US movie (1981). Orion/Warner. Pr John Boorman. Exec pr Robert A Eisenstein, Edgar F Gross. Dir Boorman. Spfx Peter Hutchinson, Alan Whibley. Screenplay Boorman, Rospo Pallenberg. Based on Le Morte Darthur (1485) by Sir Thomas Malory. Novelization Excalibur! * (1980) by Gil Kane (1926-2000) and John Jakes. Starring Robert Addie (Mordred), Katrine Boorman (Ygrayne), Gabriel Byrne (Uther), Nicholas Clay (Lancelot), Paul Geoffrey (Perceval), Cherie Lunghi (Guenevere), Helen Mirren (Morgana), Liam Neeson (Gawain), Niall O'Brien (Kay), Clive Swift (Ector), Nigel Terry (Arthur), Nicol Williamson (Merlin). 140 mins. Colour.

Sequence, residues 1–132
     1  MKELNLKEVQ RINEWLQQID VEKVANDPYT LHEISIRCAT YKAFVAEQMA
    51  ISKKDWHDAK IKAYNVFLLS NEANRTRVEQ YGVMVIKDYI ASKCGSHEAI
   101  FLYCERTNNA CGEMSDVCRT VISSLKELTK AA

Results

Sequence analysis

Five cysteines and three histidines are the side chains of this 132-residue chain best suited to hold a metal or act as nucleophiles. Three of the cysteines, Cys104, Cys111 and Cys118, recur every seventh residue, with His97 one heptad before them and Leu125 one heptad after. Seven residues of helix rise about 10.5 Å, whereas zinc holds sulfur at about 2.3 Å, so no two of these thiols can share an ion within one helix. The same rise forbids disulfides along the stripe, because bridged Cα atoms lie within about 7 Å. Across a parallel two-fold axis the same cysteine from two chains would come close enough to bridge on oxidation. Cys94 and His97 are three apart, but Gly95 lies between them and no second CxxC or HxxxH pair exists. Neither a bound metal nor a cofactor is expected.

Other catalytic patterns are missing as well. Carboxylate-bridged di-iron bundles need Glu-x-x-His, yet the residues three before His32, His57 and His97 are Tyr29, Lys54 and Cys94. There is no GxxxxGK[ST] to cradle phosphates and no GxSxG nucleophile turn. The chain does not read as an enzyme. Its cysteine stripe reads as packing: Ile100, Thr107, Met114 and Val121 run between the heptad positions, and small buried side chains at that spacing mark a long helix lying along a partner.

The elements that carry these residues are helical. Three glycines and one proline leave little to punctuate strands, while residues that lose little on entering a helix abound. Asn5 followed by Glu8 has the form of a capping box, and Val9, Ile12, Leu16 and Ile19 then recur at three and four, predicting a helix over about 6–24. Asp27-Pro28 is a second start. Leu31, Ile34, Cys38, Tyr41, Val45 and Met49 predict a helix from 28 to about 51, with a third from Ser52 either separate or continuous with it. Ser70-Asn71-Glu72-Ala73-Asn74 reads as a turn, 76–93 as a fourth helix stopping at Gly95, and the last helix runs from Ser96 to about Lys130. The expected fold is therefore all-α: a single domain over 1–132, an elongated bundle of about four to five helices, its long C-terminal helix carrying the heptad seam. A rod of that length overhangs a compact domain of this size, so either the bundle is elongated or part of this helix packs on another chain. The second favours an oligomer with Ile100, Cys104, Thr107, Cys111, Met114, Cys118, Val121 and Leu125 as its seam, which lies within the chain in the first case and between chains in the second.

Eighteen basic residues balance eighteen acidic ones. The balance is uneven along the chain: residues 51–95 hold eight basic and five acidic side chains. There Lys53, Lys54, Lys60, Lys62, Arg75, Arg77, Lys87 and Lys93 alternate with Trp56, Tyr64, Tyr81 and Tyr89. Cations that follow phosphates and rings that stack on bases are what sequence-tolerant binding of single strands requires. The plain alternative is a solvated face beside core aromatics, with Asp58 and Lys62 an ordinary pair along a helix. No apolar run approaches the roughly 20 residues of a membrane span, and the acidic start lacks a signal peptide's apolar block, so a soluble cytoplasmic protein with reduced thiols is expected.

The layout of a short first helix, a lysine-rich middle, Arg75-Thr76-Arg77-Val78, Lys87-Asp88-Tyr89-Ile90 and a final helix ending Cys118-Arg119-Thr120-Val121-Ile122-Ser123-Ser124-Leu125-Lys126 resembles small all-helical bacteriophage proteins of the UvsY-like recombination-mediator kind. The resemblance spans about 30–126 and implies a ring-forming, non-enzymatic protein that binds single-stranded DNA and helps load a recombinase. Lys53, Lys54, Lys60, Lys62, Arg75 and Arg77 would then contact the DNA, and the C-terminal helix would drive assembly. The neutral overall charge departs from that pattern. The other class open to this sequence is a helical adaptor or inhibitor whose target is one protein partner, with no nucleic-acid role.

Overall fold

E astonishingly succeeds in conflating almost the entire Arthur mythos (see also Matter), largely as recounted by Malory, into a single small compass; much of its incidental music comprises appropriate passages by Richard Wagner. With Arthur as the embodiment of the Land, its sickness or health bound up with his, the tale falls into four parts: (a) the prelude to Arthur's drawing of the Sword in the Stone; (b) the events leading up to the mortal blow dealt to the king/land by Lancelot's and Guenevere's adultery and by Morgana's seduction of the unwitting Arthur; (c) the Quest for the Grail, which Arthur institutes as a cure for these ills, conducted in his winter (see Fisher King) and the land's (see Waste Land), and bedevilled by Morgana and the sadistic Mordred; and (d) Arthur's final attempt to drive the Evil of Mordred from the land and thereby cure it (see Healing). Arthur himself is rarely the focus: Merlin is the pivot of the first two parts and Perceval that of the third. The Merlin presented here is quirky to the point, sometimes, of buffoonery, thereby conveying a nice difference between him (and his priorities) and the mortals of whose world he has grown weary. This sense of the seepage of Magic from the world (see Thinning) is carried on through the portrayal of Morgana (conflating Malory's Morgan Le Fay, Morgause and Nimue), Merlin's pupil and eventual nemesis. Arthur and Guenevere, by contrast, are depicted as naive country folk of – even in Arthur's case – limited vision; in one striking shot Arthur declares his intention to build the Round Table and bring everlasting peace while behind the small, raggedy band of his supporters we see an infinitely vast, infinitely starry night sky. The scene could stand as E's epitome: whatever the grandeur of their ideas, none of the protagonists – save Merlin – can ever stir very far from the grime of the real world. [JG]